The 1991 Tyco Kodak Stock Car is a radio controlled toy modelled after the distinctive yellow and red Kodak-sponsored NASCAR of the late 80s to early 90s. Manufactured by Taiyo (Japan), it was released in the US, UK, and other countries worldwide in 1991.
The real car
One of the most recognizable cars ever to grace the tracks, this Kodak sponsored #4 was dirven under the Morgan-McClure Motorsports team banner, initially as an Oldsmobile before transitioning to the Chevrolet Lumina. First appearing in the late 80s, it came across significant fame and success in the early 90s with drivers like Ernie Irvan and Sterling Marlin, with Irvan winning the Daytona 500 in 1991 which no doubt led to the production of the Tyco RC car. It would go on to win back to back Daytona 500s under Marlin in 1994 and 1995, locking its place in history as an icon of American motorsports.
Features and Performance
With the exception of the Turbo Stocker series of Tyco RC cars which are 9.6V, all Tyco Stock Cars are 4xAA models, with the design emphasis on being inexpensive and accessible for the majority of fans to buy, easy for younger folk to drive, and great looking – as close to the original cars they represent as is reasonable for a toy car.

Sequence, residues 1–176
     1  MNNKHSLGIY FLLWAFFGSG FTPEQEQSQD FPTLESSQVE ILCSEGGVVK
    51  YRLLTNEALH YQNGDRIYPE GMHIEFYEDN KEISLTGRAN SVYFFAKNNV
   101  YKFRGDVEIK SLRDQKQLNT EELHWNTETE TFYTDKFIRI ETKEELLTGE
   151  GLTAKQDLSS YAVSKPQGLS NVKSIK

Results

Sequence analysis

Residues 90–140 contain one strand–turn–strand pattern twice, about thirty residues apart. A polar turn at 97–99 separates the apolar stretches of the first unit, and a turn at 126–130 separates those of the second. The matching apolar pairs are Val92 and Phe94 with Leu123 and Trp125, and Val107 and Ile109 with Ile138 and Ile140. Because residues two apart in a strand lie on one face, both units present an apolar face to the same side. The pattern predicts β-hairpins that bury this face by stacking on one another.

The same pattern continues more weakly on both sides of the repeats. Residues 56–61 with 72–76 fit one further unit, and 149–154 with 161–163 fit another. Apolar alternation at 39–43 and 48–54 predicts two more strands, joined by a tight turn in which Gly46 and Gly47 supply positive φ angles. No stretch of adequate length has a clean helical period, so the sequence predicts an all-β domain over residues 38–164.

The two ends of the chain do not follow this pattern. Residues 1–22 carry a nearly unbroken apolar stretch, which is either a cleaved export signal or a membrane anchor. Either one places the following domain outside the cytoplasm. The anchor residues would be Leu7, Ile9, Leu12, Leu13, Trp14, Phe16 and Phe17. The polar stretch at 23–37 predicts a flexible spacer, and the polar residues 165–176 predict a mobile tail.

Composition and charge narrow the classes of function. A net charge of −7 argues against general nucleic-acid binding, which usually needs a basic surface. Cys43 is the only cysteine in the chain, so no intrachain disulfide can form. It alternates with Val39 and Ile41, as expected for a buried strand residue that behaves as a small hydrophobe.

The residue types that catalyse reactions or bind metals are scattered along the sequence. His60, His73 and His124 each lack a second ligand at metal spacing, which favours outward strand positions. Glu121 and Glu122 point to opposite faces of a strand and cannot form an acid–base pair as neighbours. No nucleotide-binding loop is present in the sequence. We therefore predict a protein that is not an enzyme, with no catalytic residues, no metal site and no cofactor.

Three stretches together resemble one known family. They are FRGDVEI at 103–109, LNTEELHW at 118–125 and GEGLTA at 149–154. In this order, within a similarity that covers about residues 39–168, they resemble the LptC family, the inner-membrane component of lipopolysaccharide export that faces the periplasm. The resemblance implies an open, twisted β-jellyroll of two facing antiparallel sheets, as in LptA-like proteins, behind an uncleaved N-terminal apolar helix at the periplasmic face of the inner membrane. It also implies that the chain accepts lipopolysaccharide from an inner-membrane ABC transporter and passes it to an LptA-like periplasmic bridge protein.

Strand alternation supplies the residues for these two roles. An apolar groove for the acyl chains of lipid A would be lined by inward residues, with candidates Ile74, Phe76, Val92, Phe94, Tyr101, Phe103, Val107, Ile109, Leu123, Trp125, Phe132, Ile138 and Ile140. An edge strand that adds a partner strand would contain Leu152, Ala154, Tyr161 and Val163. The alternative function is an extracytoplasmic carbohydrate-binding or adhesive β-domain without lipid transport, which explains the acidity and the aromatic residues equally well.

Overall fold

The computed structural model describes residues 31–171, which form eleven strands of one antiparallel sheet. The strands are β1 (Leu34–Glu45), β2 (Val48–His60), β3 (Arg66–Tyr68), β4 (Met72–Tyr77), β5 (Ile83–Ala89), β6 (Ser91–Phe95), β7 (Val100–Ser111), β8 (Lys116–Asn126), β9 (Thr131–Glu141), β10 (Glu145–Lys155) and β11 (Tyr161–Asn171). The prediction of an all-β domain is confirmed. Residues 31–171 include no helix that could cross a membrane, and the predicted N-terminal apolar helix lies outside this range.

Given the low-moderate power and smaller motor, this is best suited to indoors, racing on a smooth flat surface such as tiles or wooden floorboards. The slick rubber tires will be sufficiently grippy, and you may even get a power slide if you can build up the speed.
While I own several of the Tyco Stockers, I’ve not had the guts to take them out of their boxes, as picking up these (mostly only found in the US) and shipping them to Australia makes them about as expensive as a 9.6V Tyco Bandit for me! Nevertheless, I’m confident in my assessment of the performance – if you feel otherwise, please let me know in the comments below!
Availability and Collectability
It’s taken a couple of years for me to come across good photos of the Tyco Kodak, though I knew it existed it just seemed like they aren’t listed online for sale very often. That may have changed in the last year as Tyco RCs have become more popular and people try to make some quick cash.
In fact over the last few months, two NIB / New In Box cars have sold for ridiculous prices ($27 USD and $26 USD) which instantly made me regret missing out, as these are surely worth so much more than that if put in front of the right audience. More recent pricing is (sadly!) several times that.
Collectability for this car is obvious, both for NASCAR / Motorsport fans, and for Tyco RC collectors like myself who know very little about the sport, but enjoy the look of the Lumina clad in yellow and red. This is very much on my ‘must have’ list.